AMMAN, Jordan — Jordan’s national census takers made something of a stark discovery earlier this year when they found that nearly a third of the country’s 9.5 million residents are not, technically speaking, Jordanians.
For decades, the country has absorbed successive waves of people fleeing war and chaos.
Lately it has been the Syrians, but before them came Iraqis, Sudanese and Palestinians, not to mention those from Egypt, and as far away as Pakistan and the Philippines, who have come to Amman to work.
They have made the once sleepy Jordanian capital an unlikely, unsung city of refuge for people ejected from their homes.
It has not always been smooth: Hundreds of thousands of Palestinians who came after the Arab-Israeli wars of 1948 and 1967 are now Jordanian citizens, but some of the more recent arrivals are not.
Some Jordanians blame the newly arrived Syrians for driving down wages. Others say the newcomers have made Amman a better city to live in.
“Where in the Arab world do you have this kind of mixture?” said Annemarie Jacir, a Palestinian filmmaker who moved to Amman six years ago after stints in Riyadh, Ramallah and Jerusalem. “That’s what makes Amman special.”
The debate echoes the tense conversations taking place in capitals all over the world on whether and how to integrate migrants.
On a recent visit to Amman, we met some of the people who are changing the cultural fabric of Amman.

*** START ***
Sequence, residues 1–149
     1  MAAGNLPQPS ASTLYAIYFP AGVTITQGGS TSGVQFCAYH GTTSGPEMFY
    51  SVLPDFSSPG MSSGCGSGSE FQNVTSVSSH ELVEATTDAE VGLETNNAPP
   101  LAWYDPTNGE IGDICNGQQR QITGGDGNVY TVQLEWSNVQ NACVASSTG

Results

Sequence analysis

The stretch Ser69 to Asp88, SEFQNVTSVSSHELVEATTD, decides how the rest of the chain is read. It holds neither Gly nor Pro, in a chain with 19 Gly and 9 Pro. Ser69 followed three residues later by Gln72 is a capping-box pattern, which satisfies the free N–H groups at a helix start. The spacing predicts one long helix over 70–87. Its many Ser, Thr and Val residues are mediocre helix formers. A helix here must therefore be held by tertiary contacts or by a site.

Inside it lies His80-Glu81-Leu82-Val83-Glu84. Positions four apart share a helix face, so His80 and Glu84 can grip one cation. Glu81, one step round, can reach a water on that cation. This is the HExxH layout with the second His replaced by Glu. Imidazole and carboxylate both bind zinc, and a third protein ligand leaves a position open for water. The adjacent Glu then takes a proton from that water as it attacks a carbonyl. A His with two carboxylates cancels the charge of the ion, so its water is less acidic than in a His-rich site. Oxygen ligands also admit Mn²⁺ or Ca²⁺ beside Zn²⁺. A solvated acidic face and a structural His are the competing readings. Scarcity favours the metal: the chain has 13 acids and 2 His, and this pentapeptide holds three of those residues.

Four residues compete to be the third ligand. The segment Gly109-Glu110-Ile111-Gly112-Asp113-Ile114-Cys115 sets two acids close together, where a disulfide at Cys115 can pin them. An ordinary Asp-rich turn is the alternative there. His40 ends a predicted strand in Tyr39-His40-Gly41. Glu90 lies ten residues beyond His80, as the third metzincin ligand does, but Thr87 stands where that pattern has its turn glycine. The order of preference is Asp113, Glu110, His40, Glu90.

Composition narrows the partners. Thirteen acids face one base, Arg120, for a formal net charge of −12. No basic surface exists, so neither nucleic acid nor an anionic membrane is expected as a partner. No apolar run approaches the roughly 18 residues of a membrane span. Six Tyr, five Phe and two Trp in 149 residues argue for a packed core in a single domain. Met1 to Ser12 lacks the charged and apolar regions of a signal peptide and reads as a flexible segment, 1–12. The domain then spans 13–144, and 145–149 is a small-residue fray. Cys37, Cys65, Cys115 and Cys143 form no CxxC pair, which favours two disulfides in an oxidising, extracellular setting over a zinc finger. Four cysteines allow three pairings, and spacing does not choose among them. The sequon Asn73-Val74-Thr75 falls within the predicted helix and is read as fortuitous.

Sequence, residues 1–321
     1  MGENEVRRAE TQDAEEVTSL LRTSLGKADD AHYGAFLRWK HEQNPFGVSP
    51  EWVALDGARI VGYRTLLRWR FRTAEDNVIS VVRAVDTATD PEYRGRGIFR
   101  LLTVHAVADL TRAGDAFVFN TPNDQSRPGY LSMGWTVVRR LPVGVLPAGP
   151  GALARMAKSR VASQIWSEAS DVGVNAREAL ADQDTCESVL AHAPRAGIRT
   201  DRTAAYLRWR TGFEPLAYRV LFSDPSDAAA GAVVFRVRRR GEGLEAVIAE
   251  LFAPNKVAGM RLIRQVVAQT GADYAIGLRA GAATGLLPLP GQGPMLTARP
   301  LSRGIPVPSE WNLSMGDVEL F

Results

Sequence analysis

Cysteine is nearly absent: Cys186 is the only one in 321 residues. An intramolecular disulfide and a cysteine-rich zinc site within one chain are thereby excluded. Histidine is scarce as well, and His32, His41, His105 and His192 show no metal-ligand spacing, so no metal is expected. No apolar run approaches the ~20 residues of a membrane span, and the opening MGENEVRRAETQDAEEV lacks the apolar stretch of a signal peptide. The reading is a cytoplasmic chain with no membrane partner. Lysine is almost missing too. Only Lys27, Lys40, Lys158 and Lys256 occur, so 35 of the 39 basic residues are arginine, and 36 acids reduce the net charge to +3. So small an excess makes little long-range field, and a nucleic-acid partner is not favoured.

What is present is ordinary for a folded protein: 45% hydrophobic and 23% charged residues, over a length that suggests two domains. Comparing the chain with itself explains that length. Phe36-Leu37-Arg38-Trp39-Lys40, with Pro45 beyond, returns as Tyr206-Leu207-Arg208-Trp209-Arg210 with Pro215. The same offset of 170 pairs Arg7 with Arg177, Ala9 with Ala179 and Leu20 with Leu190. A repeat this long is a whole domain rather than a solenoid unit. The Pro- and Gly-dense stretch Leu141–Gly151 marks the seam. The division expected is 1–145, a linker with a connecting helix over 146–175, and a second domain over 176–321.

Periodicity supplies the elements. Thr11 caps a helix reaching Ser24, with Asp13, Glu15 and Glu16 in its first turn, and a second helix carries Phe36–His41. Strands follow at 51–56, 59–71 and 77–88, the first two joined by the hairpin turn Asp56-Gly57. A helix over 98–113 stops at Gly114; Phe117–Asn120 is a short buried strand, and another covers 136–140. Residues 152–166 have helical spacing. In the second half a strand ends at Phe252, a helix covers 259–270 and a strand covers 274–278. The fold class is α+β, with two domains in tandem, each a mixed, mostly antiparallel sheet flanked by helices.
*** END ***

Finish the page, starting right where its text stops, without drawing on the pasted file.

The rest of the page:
In the window of the Abou Arabi Haider Damascene Gourmet Sweets shop sat an intricately terraced mountain of baklava, glistening in syrupy sweat. It had a caramel-colored layer, then another layer bulging with pistachios, and on the base, a handful of bright, raw cashews.
It is the handiwork of Omar Awad, a marble artist from Damascus who decamped to Amman four years ago to escape the civil war in Syria. Instead of designing the marble accents for mansions back home, he now arranges sweets in the shop window.
“Wherever you put us as Syrians, we will learn and we will do,” Mr. Awad said bullishly.
Syrian sweets are among the new luxuries in the capital, and the lines at Abou Arabi Haider shop stretch out the door on Fridays. Jordanians make the same kinds of sweets, filled with the same pistachios and almonds, but even the most xenophobic Jordanian would admit that Syrians have a special touch.
Mr. Awad, 27, said he could not imagine leaving Amman anytime soon. He helped establish the sweet shop, and a cafe next door. On the wall hung a photograph of the original shop in Damascus.
“It took a lot of effort to open and run this branch of Abou Arabi in Jordan and we will not abandon it,” Mr. Awad said. “No matter what happens in Syria in the future.”
On a shaded garden patio, in an upscale neighborhood of Amman, Munira Ghanem, of Sudan, took out her henna cone and began to paint the slender, bare forearm of a loyal customer. She drew a vine curling upward, then decorative leaves, topped by a flower.
The Sudanese introduced henna painting to Amman’s ladies of fashion, and Ms. Ghanem is among the most coveted artists.
She came to Amman 20 years ago with her husband. She began to work in the city’s beauty salons, threading, waxing, and eventually, painting henna. Sometimes she paints an arm, other times a shoulder, occasionally the small of a woman’s back.
Even after her husband returned home, Ms. Ghanem stayed, raising their four children on her own.